Even though “yellow fever” is not known by many, it is something that affects certain parts of the world. Occupational Medicine in Cincinnati OH covers this type of issue (and hundreds of others), especially if the person affected does so while on-the-job. The people who live or travel in the intertropical zones of Africa and America are the first to be affected. An estimated 900 million people are at risk of yellow fever, including more than 500 million in Africa. Despite the existence of an effective vaccine, yellow fever epidemics have increased in these areas over the past 20 years: about 200,000 people are affected each year, and 30,000 of them do not survive. The main reason is the increase in the number of mosquitoes responsible for the transmission of the disease.

How is yellow fever caught? A mosquito transmits the disease. When it bites a sick person (or a contaminated monkey), the mosquito keeps the virus inside its body. The insect then transmits it to the people it stings or bites. Yellow fever spreads very quickly. The mosquito carrying this virus can be found both in nature and near dwellings. After the bite, it takes about 3 to 6 days before the first signs of the disease appear.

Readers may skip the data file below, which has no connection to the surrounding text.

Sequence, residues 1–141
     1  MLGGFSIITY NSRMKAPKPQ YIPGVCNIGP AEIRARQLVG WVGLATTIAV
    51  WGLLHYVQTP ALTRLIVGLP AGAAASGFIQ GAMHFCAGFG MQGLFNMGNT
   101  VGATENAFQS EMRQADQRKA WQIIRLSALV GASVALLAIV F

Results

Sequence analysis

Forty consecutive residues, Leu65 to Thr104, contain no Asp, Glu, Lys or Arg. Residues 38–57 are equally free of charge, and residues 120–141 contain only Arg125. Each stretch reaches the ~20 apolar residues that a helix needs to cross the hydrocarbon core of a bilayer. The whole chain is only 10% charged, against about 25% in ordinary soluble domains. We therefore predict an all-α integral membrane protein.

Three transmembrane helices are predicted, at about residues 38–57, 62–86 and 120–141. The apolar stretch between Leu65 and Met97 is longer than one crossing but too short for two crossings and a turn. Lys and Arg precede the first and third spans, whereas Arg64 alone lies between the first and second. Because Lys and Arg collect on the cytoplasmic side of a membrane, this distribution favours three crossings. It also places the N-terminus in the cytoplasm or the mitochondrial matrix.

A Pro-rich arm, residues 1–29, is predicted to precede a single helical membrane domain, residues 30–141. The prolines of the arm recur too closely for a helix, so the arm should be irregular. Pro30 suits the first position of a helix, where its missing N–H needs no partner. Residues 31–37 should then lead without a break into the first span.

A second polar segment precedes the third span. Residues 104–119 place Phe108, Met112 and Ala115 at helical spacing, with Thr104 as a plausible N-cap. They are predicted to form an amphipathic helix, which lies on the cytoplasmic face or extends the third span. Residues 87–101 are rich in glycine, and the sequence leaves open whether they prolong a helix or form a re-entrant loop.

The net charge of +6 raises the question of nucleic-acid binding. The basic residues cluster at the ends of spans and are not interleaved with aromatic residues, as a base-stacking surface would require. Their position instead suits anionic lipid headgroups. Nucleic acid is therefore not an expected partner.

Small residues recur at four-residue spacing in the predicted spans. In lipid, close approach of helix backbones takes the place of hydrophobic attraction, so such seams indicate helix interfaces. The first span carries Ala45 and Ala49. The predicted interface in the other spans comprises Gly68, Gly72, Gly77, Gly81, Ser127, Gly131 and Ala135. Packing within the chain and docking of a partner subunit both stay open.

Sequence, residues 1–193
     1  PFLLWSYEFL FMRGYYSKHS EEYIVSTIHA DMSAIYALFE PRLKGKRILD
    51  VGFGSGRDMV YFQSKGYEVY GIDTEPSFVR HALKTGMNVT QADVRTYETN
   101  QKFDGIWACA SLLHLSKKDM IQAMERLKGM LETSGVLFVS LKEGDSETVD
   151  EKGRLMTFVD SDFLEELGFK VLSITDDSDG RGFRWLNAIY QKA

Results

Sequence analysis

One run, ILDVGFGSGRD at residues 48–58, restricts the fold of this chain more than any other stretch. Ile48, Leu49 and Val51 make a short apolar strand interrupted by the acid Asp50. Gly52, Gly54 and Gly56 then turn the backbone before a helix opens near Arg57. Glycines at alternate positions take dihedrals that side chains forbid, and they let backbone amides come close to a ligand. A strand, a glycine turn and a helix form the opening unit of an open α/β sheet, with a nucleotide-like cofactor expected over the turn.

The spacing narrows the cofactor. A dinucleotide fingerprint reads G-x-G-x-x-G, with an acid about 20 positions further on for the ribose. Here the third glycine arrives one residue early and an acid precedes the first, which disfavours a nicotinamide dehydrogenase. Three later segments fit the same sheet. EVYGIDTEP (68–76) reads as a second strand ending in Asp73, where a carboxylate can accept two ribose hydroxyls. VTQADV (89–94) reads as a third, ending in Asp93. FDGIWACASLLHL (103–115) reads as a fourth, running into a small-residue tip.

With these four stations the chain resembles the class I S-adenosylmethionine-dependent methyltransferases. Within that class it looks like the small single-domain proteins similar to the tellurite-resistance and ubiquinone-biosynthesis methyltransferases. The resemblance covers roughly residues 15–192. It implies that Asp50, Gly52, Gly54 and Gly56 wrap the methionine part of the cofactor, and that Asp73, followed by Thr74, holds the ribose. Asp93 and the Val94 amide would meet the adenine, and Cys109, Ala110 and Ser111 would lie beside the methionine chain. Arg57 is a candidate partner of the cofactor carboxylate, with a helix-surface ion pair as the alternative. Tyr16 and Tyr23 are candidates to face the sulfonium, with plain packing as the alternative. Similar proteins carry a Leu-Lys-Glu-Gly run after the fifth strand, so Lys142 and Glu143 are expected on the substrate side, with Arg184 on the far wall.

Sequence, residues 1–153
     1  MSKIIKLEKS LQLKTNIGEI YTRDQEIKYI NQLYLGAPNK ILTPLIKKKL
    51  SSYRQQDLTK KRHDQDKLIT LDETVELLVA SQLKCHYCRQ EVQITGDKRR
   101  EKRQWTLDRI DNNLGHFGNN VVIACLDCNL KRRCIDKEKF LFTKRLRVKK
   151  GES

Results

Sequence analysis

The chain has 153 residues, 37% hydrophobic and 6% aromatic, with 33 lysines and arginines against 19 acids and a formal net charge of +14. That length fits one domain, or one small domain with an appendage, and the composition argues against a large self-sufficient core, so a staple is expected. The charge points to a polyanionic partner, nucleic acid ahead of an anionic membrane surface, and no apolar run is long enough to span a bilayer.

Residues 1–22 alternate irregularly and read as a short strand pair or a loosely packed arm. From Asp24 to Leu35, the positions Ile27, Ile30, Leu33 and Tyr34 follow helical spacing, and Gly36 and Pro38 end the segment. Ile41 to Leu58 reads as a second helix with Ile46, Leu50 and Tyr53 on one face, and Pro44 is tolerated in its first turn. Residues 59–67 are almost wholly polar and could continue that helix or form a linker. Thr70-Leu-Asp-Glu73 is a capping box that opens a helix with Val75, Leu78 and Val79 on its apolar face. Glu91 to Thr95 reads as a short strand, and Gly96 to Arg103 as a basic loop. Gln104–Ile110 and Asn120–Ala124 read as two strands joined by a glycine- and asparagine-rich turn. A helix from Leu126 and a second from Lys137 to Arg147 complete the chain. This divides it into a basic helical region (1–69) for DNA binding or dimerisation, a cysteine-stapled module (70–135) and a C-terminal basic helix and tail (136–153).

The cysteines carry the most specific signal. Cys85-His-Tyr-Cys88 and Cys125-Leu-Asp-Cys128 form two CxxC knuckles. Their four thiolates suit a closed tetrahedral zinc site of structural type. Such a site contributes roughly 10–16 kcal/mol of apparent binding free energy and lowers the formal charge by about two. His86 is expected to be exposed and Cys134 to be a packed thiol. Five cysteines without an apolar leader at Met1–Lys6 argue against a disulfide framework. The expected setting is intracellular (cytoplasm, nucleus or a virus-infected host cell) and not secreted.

What are the signs? Yellow fever is difficult to identify because the symptoms resemble those of dengue or malaria: fever, muscle aches, chills, vomiting, loss of appetite, etc. Generally, the symptoms disappear after 3 to 4 days and the patient heals on their own. But in 15% of cases, fever comes back with stomach pains and vomiting, the skin turns yellow (hence the name of the disease), and blood seeps from the mouth, nose, eyes and/or stomach. In this case, a doctor dealing with Occupational Medicine in Cincinnati OH should be consulted very quickly.

Is there a treatment? No, there is no treatment for the yellow fever virus, which is why vaccination is essential. One can only relieve symptoms by fighting fever and dehydration. The most severe cases require extensive treatment in hospital, such as blood transfusions or dialysis when the kidneys are no longer working. To limit the risk of contagion, the patient is placed in quarantine for at least 5 to 6 days. For more information, contact Eastside Urgent Care today.

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